7. West Virginia: The Mountaineers lose two of three starters along the D-line, including second-team All-Big 12 end Will Clarke. West Virginia is hoping for big things from DE Kyle Rose, who played a lot as a sophomore. Dontrill Hyman will likely fill a starting role on the other side, though he could get pushed for time by Eric Kinsey and Noble Nwachukwu, who both will be in their third year in the program. The Mountaineers will lean on Christian Brown and Darrien Howard at nose guard. Howard was an ESPN 300 recruit last year and played as a freshman. There’s some talent and potential here.

8. Iowa State: Like Texas Tech, Iowa State loaded up on immediate defensive line help, signing three juco defensive ends in Dalyou Pierson, Terry Ayeni and Gabe Luna, who is enrolled already for spring ball. Those three together with All-Big 12 honorable-mention selection Cory Morrissey and sophomore Mitchell Meyers should give Iowa State a solid rotation at end. Rodney Coe, who started the last four games, will anchor the Cyclones inside.

9. Texas Tech: The Red Raiders lose their two best defensive linemen in Kerry Hyder and Dartwan Bush, and Tech got pushed around up front anyway last season. Coach Kliff Kingsbury recognized this deficiency and signed four juco defensive linemen, all of whom have a chance to play immediately. Of the returning linemen, Branden Jackson was by far the most productive, totaling nine tackles for loss and four sacks as a starter.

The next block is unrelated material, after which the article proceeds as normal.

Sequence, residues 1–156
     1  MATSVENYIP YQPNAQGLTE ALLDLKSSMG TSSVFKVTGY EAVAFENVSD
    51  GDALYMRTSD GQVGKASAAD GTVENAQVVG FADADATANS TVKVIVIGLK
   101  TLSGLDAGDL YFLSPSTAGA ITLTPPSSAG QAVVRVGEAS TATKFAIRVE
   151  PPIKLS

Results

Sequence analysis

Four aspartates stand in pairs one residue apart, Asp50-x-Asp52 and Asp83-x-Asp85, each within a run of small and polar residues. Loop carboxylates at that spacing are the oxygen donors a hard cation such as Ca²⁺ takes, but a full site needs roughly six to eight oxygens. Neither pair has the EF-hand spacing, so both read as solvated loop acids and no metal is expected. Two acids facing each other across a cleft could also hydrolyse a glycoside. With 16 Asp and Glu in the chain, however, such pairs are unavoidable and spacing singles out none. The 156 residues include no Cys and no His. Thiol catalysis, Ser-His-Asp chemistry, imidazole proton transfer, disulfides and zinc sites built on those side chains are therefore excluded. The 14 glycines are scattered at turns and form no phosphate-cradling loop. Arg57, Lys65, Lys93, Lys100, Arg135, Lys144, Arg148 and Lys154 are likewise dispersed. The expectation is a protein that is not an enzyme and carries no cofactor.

10. Kansas: Despite also losing two starters, the Jayhawks have experience up front. Defensive captain Keon Stowers is back after manning the middle in 2013. Ben Goodman returns as well in Kansas’ “buck” role, and he is coming off a very solid sophomore season. Goodman’s backup, Michael Reynolds, and rotation players Tedarian Johnson and Ty McKinney give the Jayhawks depth.

Big 12 unsung heroes: Week 12

November, 18, 2013
11/18/13
3:00
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Here are the Big 12’s unsung heroes for Week 12:

Baylor running back Devin Chafin: Where do the Bears keep finding these running backs? Chafin finished with 11 carries for 100 yards, 9.1 yards per carry, and two touchdowns, all career-highs. He allowed the Bears to sub out Shock Linwood without a drop-off in production in BU’s 63-34 win over Texas Tech.

[+] EnlargeJake Waters
Peter G. Aiken/Getty ImagesKansas State QB Jake Waters didn't have huge numbers, but he made key plays to help beat West Virginia.